Wednesday, November 24, 2010

DSBN moves on

Two related pieces about the District School Board of Niagara and its new pupil accommodation rules. The best I can find is the policies page, and the report laying out the recommended changes accepted by trustees Nov. 23 is not online as far as I can see. Niagara-on-the-Lake's Niagara Advance and the St. Catharines Standard took point on the changes.
The biggest one is that public input on school-closure decisions by the board will now be accepted separately from the meeting where trustees would actually vote on the question at hand. This is not an earth-shattering change and I'd be curious to know how other boards deal with this separation, if in fact they do separate the two. The board where I've covered several reviews does have this process in place for public input on proposed school closures-- in fact, trustees there never vote on any public input the night it's received. They can only ask questions of clarification on the presentation. Any votes arising from the presentation must be taken as "business arising from the minutes" in the following board meeting.
This won't separate the emotion of a packed board room from the evening where trustees vote on these difficult questions, but it does allow some breathing room between when people speak to trustees and when trustees then act on all the information they've received-- from administration, from the accommodation review committee report(s) and from the public input. I see this as an improvement in board governance at the DSBN and as stated above would be curious to hear how many other boards across the province follow similar procedure.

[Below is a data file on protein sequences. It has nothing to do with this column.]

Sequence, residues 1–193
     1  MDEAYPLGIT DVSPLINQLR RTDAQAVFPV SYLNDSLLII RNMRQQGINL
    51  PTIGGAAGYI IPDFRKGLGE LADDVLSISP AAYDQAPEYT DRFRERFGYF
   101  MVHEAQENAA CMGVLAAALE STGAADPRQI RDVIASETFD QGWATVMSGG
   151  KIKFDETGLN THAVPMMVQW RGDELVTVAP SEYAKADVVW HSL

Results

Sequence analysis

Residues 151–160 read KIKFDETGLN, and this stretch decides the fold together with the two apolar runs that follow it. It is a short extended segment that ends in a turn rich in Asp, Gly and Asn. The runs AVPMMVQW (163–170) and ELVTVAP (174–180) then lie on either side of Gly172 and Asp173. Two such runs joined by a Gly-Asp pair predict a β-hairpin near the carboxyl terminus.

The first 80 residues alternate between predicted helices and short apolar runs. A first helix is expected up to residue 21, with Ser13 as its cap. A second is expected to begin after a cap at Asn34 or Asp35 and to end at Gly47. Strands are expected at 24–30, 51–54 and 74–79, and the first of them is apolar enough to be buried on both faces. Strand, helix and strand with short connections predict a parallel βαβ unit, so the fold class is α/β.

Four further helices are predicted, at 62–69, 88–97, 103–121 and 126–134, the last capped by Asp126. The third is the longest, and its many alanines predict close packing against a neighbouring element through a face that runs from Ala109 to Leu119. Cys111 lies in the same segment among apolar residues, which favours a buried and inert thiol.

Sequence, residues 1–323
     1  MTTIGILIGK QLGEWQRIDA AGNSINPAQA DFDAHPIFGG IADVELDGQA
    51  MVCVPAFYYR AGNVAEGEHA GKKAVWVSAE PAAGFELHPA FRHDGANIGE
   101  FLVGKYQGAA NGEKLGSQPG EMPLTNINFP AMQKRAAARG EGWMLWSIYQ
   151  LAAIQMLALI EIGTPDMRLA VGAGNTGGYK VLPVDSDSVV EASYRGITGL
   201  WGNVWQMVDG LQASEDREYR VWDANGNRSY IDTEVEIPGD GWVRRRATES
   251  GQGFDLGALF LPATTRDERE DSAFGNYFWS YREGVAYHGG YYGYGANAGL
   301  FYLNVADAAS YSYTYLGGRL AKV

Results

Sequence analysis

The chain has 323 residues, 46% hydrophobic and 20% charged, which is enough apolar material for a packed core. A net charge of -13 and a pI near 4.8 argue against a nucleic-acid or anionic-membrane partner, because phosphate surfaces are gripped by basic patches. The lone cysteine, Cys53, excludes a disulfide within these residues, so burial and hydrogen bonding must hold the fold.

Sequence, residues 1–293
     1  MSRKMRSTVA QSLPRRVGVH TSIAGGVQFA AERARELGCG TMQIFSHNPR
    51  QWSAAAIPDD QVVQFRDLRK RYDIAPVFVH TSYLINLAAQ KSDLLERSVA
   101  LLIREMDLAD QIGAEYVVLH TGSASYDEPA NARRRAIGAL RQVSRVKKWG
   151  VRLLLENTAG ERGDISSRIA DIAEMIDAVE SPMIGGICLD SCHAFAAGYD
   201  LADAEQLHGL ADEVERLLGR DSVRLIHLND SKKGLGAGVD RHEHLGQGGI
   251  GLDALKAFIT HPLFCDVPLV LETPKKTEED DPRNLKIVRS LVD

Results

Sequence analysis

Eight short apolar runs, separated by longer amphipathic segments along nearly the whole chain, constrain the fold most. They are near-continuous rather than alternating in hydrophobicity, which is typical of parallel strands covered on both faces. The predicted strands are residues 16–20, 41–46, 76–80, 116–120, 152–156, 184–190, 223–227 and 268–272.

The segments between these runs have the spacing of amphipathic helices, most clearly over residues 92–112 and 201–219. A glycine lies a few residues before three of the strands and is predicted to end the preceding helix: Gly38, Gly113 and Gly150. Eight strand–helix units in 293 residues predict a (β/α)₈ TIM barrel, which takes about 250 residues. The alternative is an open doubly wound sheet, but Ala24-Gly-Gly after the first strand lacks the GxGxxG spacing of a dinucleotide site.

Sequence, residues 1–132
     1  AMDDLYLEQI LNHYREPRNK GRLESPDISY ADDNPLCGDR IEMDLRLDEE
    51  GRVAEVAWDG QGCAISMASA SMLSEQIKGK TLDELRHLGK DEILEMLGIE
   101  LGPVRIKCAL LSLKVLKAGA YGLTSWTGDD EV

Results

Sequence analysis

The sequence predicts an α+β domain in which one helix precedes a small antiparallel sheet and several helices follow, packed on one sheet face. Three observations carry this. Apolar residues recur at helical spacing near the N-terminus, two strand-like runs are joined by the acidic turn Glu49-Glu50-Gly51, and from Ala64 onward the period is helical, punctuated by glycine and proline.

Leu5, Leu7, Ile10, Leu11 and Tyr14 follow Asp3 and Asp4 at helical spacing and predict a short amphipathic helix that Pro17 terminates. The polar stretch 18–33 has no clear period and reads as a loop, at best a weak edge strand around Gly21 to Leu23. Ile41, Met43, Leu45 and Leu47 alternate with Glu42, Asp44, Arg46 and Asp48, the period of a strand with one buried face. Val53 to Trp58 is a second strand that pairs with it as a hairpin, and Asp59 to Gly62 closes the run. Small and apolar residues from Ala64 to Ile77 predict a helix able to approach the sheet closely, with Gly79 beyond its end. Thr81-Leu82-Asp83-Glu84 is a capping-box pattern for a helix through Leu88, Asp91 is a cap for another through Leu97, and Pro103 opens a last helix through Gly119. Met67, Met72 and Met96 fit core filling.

Anonymous said...

I like this idea by the DSBN about not having delegations on the same night as the main vote, I find that this is very pailiamentary, its the same as "calling the question" there is no debate after calling the question, and yet the DSBN will allow delegations at any meeting leading up to the vote and would even allow for special board meetings for the purpose of hearing from the community. To bad there is always sommeone that can not go along with changes for the better

Education Reporter said...

Anon 25 Nov. 20:42
The thing you've mentioned that I also wish more boards would do is schedule special meetings. I've been to too many where you have 90+ minutes of public input on one ARC, then a regular agenda jam packed full of other business. Everyone's eyes have glazed over by 30 minutes into the regular-agenda items.

Boards can call special meetings -- they should do it more often. Hey, why not even hold the special board input meeting in the community? Stellar ideas, usually ignored.